“My colleagues have inspired me to look at the world through different lenses particularly when addressing poverty, corruption, hunger and disease,” he said. “Maybe now is the time for us to say no to leaders who neglect us to aggrandize themselves, who have looted us for their personal wealth.”

By the third week of the fellowship, Boubacar Diallo, from Guinea Conakry, was already thinking about how he can provide inclusive leadership that stops factional disputes and fights among his countrymen.

The lessons of the fellowship were many. One, especially emphasized by Rosser, was “Be careful not to be weak while empowering the weak.” For Molefi Nyofane of South Africa, who founded an NGO eight years ago to help youth and children in rural villages that has since sent numerous students to secondary school and university, “This was an important lesson for me. I learned that as a leader it’s important to take care of yourself as well, educationally, civically and spiritually.”

This is especially pertinent because these young leaders often donate their time and much of their own salaries to support the initiatives they have created, which range from youth empowerment and sanitation programs to help prevent infant death and disease, part of the extensive efforts of Nsuka Bula of Angola; to creating a more sustainable environmental, educational and economic plan for the people of the Kenyan village of Onyango Boaz Onyang; and to education for marginalized women and young girls who sell sex for survival, the project of social worker Loice Kapondo of Zimbabwe.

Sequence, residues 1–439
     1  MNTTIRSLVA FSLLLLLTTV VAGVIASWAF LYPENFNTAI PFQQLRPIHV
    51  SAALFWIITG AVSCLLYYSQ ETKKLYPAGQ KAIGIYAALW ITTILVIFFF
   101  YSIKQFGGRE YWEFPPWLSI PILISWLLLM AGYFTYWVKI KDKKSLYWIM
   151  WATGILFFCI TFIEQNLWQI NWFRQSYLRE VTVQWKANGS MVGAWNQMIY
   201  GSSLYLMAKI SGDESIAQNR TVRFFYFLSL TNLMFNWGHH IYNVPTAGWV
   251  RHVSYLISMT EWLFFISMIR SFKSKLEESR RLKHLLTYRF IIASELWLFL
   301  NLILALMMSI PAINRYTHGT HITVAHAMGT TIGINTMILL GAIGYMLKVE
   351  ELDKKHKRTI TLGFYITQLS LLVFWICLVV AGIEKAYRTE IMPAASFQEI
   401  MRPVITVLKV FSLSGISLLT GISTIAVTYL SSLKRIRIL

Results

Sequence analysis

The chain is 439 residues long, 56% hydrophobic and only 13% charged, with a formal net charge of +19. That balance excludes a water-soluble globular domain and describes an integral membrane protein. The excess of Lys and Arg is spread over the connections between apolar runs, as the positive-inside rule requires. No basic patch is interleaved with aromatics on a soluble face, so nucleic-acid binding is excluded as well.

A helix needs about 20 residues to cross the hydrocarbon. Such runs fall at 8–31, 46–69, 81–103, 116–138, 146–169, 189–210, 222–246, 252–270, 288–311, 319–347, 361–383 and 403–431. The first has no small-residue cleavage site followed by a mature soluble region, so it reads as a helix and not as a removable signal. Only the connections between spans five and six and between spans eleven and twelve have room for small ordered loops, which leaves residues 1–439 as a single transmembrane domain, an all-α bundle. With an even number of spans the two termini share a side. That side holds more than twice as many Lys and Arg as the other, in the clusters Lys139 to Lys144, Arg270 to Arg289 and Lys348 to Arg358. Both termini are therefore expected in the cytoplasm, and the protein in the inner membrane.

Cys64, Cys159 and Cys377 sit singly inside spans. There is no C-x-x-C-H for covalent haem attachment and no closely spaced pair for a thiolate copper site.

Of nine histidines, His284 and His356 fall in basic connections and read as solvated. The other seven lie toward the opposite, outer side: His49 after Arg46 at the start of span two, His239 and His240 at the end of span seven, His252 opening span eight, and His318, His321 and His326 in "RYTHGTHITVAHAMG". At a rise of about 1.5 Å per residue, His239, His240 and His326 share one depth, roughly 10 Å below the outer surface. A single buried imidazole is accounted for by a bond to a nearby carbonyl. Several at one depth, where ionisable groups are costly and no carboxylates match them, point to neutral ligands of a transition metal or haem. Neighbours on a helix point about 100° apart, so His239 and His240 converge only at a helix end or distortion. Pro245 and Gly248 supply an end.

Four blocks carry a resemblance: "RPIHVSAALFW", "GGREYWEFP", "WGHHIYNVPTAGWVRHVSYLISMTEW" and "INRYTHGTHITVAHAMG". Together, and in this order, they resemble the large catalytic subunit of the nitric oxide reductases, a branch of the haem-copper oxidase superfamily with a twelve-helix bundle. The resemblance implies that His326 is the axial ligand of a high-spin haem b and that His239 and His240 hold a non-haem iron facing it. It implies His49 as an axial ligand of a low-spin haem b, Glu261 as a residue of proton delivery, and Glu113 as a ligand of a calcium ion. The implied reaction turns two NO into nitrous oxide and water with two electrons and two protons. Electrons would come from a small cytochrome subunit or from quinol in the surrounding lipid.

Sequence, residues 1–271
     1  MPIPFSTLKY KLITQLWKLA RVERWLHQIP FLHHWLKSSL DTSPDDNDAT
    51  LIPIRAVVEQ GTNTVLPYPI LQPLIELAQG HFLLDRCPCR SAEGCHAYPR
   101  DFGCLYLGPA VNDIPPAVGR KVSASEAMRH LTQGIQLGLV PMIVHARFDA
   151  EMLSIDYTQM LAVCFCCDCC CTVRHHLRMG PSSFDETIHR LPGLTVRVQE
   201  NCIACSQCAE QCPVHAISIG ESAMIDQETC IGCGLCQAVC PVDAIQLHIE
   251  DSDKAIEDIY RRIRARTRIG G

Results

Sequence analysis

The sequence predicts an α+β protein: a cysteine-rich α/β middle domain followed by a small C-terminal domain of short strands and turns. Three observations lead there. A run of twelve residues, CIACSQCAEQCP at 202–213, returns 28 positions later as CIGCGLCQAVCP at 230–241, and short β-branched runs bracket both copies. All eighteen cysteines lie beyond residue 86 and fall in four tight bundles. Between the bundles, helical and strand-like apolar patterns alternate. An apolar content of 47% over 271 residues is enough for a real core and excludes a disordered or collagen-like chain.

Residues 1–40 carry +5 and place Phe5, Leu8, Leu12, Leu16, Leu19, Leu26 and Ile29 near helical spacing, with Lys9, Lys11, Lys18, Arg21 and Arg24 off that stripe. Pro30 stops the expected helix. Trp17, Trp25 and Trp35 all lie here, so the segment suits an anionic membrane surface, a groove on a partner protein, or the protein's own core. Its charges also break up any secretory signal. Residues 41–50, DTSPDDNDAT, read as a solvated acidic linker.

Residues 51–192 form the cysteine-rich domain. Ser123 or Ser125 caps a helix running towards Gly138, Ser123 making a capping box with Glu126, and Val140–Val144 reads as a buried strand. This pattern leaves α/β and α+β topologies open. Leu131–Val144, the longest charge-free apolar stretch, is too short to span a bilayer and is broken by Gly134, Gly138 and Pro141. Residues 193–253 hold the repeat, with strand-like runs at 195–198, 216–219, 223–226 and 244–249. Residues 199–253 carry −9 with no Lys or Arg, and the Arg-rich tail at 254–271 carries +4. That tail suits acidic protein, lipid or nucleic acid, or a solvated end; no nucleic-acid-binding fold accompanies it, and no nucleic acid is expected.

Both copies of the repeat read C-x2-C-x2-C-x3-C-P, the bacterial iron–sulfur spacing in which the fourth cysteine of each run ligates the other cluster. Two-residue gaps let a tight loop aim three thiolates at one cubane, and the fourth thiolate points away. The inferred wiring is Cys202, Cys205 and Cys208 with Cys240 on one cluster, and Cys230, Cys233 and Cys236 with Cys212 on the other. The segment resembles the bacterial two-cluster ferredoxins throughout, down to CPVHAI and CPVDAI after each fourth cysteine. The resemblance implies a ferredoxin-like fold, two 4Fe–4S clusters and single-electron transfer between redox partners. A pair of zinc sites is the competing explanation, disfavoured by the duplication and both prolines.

“Meeting these other amazing young leaders has changed my life,” said Chibuzor Mirian Azubuike of Nigeria, author of “The Girl Who Found Water.” “The fellowship has sharpened my skills but it’s also given me time to reflect on myself and what kind of leader I want to be.”

Posted as a news reporter during her mandatory national service to an area in which water was a major issue, Azubuike survived an attack by the terrorist group Boko Haram and became determined to do something to help those living under such desperate conditions. She founded the organization Cascade, which raises money to bring water to the area.

With their varied backgrounds and specialties, the fellows can now serve as resources for one another. Dr. Aishatu Abubakar Abdullateef, a psychiatrist, is documenting the numbers and social challenges of street children in northern Nigeria, to help advocate for the children by helping the government design better aid programs.